Brittany (Fr. Bretagne), an ancient province of France, consisting of the large triangular peninsula which, projecting into the Atlantic, forms the western extremity of that country. Washed on three sides, N., W., and S., by the sea, it joined on the E. the provinces of Normandy, Maine, Anjou, and Poitou. Its coast line, indented by numerous bays and harbors, was about 500 m. in length, extending from the bay of Cancale, on the confines of Normandy, to that of Bourgneuf, some 20 m. S. of the mouth of the Loire. Its greatest length from S. E. to N. W. was 185 m.; greatest breadth, 105 m.; area, 13,085 sq. m. It is now divided into the departments of Loire-Inferieure, Ille-et-Vilaine, Morbihan, Cotes-du-Nord, and Finistere. The broken hills by which the interior of the country is intersected, its narrow valleys, its partly unnavigable streams, its vast and thinly populated heaths, its old castles standing on solitary hillocks with their dismantled walls and dilapidated towers, its extensive forests so closely associated with the rites of the ancient druids, its sandy shores or rugged reefs, the strange garb of its herdsmen and their harsh Celtic language, all combine to stamp the region with a strange and striking character. - Originally independent and known as Armorica, Brittany was indebted for its new name to colonies from Great Britain, which settled at various periods on its territory.
These emigrations can be traced as far back as the 3d century; but it is probable that the definitive change of appellation took place only about the middle of the 5th century, when numbers of British families left the island on account of the Anglo-Saxon invasion. Under Charlemagne the paramount power of the Frankish crown over Brittany increased; but its princes, availing themselves of the weakness of his successors, regained their independence, and the principal of them was acknowledged as a king by Charles the Bald. There prevailed among them something of a feudal organization, the counts of Rennes, Nantes, and Cornouailles being the most powerful, and one of them being generally accredited as the chief of the confederation. About the middle of the 12th century Conan IV. succeeded in bringing all parts of the country under his own control, calling it the county of Brittany. His daughter and heiress Constance married Geoffrey, third son of Henry II. of England, to whom she brought the title and power of count.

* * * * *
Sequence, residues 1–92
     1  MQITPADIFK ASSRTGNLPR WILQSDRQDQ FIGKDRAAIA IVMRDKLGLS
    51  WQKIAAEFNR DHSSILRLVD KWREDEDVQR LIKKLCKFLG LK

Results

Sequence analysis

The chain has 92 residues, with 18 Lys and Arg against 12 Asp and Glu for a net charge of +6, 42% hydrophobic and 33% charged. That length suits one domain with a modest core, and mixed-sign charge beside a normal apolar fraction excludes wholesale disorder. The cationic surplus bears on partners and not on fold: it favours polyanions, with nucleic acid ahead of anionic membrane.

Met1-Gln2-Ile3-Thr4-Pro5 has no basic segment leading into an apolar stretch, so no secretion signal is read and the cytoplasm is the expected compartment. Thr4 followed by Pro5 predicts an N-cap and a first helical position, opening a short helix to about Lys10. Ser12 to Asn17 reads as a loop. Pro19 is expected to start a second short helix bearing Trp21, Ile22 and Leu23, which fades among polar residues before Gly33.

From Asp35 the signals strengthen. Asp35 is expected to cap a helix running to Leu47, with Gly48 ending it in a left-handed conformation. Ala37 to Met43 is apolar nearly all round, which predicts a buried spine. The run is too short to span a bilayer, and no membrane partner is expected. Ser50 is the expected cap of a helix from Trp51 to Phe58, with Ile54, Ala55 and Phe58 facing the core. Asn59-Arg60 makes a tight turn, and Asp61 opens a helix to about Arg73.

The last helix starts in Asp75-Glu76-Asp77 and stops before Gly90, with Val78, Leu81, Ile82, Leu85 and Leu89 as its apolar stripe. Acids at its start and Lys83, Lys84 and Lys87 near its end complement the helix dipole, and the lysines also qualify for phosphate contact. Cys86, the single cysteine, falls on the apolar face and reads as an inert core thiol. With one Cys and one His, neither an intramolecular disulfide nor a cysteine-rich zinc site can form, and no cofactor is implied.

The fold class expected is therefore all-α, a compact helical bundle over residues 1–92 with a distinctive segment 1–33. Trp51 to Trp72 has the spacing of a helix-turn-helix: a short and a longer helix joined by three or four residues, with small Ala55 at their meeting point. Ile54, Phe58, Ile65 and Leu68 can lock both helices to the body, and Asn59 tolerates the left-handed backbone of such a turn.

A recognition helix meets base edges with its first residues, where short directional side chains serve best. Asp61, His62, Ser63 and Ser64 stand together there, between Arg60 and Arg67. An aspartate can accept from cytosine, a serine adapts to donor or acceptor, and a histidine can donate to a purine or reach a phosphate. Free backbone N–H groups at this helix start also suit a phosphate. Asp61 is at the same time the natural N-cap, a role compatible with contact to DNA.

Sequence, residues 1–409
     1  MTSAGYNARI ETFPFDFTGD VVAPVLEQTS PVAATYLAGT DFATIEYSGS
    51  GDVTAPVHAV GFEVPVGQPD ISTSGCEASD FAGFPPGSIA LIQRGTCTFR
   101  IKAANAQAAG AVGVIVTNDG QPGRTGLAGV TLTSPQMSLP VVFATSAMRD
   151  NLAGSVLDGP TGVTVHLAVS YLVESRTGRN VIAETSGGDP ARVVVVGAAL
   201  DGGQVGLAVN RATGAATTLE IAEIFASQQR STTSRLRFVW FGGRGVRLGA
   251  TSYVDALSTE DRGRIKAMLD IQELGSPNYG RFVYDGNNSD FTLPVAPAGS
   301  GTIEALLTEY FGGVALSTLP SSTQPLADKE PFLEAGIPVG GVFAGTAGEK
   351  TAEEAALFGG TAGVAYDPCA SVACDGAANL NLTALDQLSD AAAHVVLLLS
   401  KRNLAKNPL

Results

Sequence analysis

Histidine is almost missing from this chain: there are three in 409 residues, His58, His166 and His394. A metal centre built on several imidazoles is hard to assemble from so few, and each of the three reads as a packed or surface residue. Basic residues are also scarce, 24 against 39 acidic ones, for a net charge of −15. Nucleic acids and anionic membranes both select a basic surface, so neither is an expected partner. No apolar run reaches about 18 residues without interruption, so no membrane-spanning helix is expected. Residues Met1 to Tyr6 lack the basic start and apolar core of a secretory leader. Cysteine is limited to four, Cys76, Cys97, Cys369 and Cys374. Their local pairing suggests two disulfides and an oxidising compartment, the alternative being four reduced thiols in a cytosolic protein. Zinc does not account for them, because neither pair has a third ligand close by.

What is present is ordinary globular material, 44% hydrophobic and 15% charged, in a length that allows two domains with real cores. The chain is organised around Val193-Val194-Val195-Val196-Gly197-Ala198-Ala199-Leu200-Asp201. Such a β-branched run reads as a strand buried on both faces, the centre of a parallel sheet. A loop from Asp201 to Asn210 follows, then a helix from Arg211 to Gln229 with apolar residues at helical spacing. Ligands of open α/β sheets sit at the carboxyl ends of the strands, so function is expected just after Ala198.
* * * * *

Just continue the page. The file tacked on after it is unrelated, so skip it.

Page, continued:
His son and successor Arthur was assassinated by his uncle, King John of England, when Philip Augustus tried to seize upon Brittany, as he had done with Normandy; but the Bretons resisted, and declared for Alix, a daughter of Constance by her third husband, Guy of Thouars. This Alix married Pierre de Dreux, called Mauclerc, who took the title of duke of Brittany and ruled until their eldest son became of age. This prince, John I., surnamed Rufus, born in 1217, became the head of the ducal family, which reigned until the beginning of the 16th century. On the death of John III., in 1341, his brother John of Montfort and Charles of Blois, who had married the niece of John III., contended for the possession of the duchy. This civil war lasted 24 years. Charles having been killed at Auray in 1364, the ducal crown was secured to the son of John of Montfort, who reigned under the name of John V. Francis II., who reigned from 1458 to 1488, left his daughter Anne heiress of the duchy of Brittany. She was married by proxy to Maximilian of Austria, then king of the Romans; but Anne of Beaujeu, who governed France under the name of her brother, Charles VIII., prevented the alliance from being consummated; she forced the duchess to marry the young king of France, so that Brittany was for the first time united to the kingdom (1491). On the death of Charles VIII., Loillis XII. hastened to divorce his first wife, and to marry his predecessor's widow, thus securing the union between France and Brittany. But it was not till 1532, during the reign of Francis I.,, that Brittany was declared to be an integral part of the French kingdom.
Although losing its independence, it persevered in maintaining the rights and privileges which had been secured to it by the treaty of union. The royal power was limited here by a representative government called the estates of Brittany. The assembly, the sessions of which were held every other year, consisted of the three orders, the clergy, the nobility, and the tiers etat. The king was not allowed to lay any tax, this being regulated by the assembly, which voted for the support of the royal government what was called a gratuitous gift. The province had also its own courts of justice, the highest of which was known as the parliament of Rennes, with four seneschalic jurisdictions. More than once Brittany was compelled to stand in defence of its immunities; but its people, while vindicating what they thought their rights, showed great devotion to their French sovereign; and when the revolution occurred, the Chouans of the province fought the last battle in behalf of royalty. Brittany has never been distinguished for commerce or manufactures, but its seamen • are among the boldest in the world; those of St. Malo, Brest, and Lorient are to be met in the most distant waters, more generally engaged in fishing than in trade.
The province was usually divided into Western or Lower Brittany and Eastern or Upper Brittany.